RCMP in Mission are blaming cannabis for a crash on the Lougheed Highway that left a man in his 60s dead.
“It is believed that marijuana use was a contributing factor to this incident,” read a statement from authorities. “The driver of the Dodge truck, a 25 year old Abbotsford resident, was arrested. The investigation is continuing and a charge of impaired driving causing death will be recommended by police.”
While impaired driving tests are inconsistent across the country, a Canadian Centre on Substance Abuse study said the amount of substance-positive drivers rose from around 30 per cent in 2000 to just under 37 per cent in 2008.
Statistics Canada numbers for those charged with drug-impaired driving rose from 183 in 2008 to 1,159 in 2013.
According to a 2011 study of B.C. drivers published in the B.C. Medical Journal, cannabis use is “particularly high,” in the western province, finding 4.6 per cent of drivers in Vancouver and Vancouver Island tested positive for cannabis.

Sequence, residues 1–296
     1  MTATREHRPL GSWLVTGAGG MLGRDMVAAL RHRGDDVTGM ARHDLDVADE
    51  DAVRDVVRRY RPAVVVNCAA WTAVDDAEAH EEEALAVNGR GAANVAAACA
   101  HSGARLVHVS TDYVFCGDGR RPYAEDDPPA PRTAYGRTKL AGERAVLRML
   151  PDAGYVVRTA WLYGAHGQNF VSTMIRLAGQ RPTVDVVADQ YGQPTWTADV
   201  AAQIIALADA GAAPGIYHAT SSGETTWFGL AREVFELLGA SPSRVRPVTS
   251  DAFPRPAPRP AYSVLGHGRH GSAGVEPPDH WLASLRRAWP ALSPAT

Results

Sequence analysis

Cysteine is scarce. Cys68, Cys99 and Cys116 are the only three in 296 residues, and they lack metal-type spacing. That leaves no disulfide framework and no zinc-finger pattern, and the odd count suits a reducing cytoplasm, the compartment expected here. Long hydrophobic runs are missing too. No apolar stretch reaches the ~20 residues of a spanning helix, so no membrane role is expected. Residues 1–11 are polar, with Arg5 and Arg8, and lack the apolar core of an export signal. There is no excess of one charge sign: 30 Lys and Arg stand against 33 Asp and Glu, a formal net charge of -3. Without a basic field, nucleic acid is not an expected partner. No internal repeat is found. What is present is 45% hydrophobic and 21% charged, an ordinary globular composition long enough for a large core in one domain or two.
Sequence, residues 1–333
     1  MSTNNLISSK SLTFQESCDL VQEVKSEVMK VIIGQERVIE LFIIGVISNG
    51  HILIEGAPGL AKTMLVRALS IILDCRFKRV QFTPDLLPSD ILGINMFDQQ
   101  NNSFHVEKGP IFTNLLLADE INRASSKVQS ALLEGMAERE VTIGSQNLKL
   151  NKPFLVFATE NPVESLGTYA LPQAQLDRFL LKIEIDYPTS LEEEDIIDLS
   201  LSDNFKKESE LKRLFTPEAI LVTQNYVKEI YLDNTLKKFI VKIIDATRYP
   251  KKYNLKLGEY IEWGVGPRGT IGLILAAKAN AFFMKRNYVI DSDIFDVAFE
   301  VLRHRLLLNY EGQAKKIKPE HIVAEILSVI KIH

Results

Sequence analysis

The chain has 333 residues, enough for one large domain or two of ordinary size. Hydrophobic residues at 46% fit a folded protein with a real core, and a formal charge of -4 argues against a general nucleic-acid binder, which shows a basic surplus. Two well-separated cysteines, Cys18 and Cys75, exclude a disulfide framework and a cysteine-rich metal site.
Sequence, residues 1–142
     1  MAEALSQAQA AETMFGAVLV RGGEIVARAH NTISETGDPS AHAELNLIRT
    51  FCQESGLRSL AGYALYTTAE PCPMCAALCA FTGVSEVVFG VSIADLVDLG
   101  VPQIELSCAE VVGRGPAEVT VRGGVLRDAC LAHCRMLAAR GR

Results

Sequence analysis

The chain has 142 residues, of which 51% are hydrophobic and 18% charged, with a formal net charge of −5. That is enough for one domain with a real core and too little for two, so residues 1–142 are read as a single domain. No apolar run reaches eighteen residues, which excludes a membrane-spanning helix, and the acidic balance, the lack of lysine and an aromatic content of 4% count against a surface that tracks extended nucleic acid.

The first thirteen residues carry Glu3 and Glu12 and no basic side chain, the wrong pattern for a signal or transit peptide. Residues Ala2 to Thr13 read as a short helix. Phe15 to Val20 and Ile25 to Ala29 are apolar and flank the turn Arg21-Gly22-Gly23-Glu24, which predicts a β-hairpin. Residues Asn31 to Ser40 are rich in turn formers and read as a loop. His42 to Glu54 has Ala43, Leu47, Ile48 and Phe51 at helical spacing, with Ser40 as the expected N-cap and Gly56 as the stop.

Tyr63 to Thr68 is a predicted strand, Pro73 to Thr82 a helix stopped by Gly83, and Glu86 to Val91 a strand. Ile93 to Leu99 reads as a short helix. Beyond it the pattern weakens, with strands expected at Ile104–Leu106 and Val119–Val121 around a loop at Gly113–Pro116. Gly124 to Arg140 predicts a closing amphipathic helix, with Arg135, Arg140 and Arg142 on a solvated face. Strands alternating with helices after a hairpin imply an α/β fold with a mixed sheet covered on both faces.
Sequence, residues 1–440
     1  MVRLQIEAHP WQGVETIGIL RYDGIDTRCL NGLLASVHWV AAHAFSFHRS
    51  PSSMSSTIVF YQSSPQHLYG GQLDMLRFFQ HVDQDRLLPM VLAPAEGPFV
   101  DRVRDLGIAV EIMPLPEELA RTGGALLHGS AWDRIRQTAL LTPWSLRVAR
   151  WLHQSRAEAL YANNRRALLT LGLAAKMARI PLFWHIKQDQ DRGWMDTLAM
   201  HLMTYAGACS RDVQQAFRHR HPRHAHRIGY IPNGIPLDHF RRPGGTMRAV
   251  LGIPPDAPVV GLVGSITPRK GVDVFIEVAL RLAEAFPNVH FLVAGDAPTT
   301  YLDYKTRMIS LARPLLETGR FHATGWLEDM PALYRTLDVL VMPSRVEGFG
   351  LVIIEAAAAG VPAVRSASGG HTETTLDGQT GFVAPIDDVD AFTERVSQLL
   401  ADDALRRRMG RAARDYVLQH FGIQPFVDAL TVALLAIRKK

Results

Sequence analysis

Canadian Centre on Substance Abuse senior research associate Doug Beirness said testing drivers for cannabis is more difficult than alcohol, which can be detected easily with a driver’s breath.
“You have to do the research to be able to determine what the most appropriate limit is for each and every substance that could possibly impair driving,” said Beirness. “That’s a daunting task. It took us 50 years to come up with the level of 80 [milligrams of alcohol in 100 millilitres of blood] for alcohol. We don’t have the time to do that.”
Blood and urine tests can detect levels of cannabis in a driver’s system, but are unable to tell when it was consumed – sometimes staying in a user’s system for up to weeks.
Without standardized testing methods and restricted levels, cannabis impairment is difficult to prosecute.
“There is no standard and no norm as there is with blood alcohol consumption. The court is left in a doubt as to the quantity of THC,” said Judge Bishop.